Reynardine is perhaps threatening, but so far his actions are not truly monstrous. Nonetheless, his penchant for beautiful young maidens has eerie overtones of the Bluebeard fairy tale, especially given that while most versions of the song depict Reynardine leading the woman away, none of them ever depict her returning. There is also a disturbing suggestion of murder in some versions of the story. Seth Lakeman’s song invokes imagery of blood and sharp teeth repeatedly. The English fairy tale ‘Mr Fox’ (not a ballad, but following a similar plot) focuses on a young woman courted by the man of the title, who is rich and handsome, but never invites her back to his home. One day, driven by curiosity, she drops by unannounced, to be greeted by the sight of skeletons in blood-stained wedding dresses. Needless to say, the sight dampens her enthusiasm for the idea of Mr Fox as a husband and for once, he gets his comeuppance.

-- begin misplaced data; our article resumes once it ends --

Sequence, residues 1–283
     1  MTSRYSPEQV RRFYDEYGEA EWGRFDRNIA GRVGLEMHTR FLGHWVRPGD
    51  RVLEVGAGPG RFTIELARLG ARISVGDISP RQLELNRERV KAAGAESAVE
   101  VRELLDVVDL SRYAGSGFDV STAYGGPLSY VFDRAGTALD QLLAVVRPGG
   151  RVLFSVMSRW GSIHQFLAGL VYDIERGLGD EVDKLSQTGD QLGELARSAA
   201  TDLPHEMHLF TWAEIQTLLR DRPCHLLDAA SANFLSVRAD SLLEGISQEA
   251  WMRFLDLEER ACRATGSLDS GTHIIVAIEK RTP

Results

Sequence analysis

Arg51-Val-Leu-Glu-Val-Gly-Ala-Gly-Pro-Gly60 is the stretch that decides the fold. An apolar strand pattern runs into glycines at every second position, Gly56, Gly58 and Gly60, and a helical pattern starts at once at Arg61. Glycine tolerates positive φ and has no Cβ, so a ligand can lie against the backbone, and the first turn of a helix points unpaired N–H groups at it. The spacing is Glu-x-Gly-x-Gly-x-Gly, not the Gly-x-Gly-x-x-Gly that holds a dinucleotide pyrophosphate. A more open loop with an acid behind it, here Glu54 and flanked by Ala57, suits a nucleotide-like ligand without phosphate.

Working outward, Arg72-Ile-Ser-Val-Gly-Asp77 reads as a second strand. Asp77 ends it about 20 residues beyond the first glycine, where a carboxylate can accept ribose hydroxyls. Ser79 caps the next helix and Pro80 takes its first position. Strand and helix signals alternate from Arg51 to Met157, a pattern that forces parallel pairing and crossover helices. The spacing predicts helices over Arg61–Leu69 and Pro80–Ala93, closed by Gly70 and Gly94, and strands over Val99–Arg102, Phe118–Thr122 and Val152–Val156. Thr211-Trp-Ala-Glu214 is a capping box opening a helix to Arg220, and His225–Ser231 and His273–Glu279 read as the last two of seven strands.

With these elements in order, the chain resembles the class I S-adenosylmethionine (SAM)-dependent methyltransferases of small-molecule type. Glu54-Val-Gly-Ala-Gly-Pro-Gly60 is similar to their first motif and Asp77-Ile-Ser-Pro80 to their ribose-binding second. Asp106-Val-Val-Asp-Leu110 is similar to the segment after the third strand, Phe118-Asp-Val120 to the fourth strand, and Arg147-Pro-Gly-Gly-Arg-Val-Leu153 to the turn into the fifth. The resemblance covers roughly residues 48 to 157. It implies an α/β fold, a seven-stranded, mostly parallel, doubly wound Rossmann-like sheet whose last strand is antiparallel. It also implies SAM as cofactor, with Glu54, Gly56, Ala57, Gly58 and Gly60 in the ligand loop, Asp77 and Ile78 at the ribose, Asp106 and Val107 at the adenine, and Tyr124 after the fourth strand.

Although he does not have a long personal history (at least by folklore standards, having existed for a little over two hundred years), Reynardine is an inheritor of a much longer tradition of shape-shifters and demonic bridegrooms. Werewolves have been around for literally thousands of years, having first appeared in written fiction in The Epic of Gilgamesh, which dates from sometime in the 2nd century BC. Were-foxes have an equally long history in some non-Western cultures, with the kitsune having existed in Japanese literature since the 11th century.

Wicked bridegrooms abound in fairy tales too. There’s ‘The Robber Bridegroom,’ by the Brothers Grimm, Perrault’s Bluebeard, and in more recent times Angela Carter’s seminal ‘The Bloody Chamber.’ These are only a few examples of a story that has dozens, if not hundreds of variations. Of course, Reynardine doesn’t even make honest women out of his lady loves before they meet their fate. The bounder.

Short history or not, I find Reynardine an intriguing figure. Because we know so little about him, he shares the characteristics traditionally ascribed to the fox in legend – adaptability, elusiveness, mysteriousness and danger. And there’s plenty of potential for more. Folk musicians are still singing about him, still adding their own spin to the story. Perhaps you’ll be the next one to meet Reynardine, when the setting sun hangs blood-red in the sky.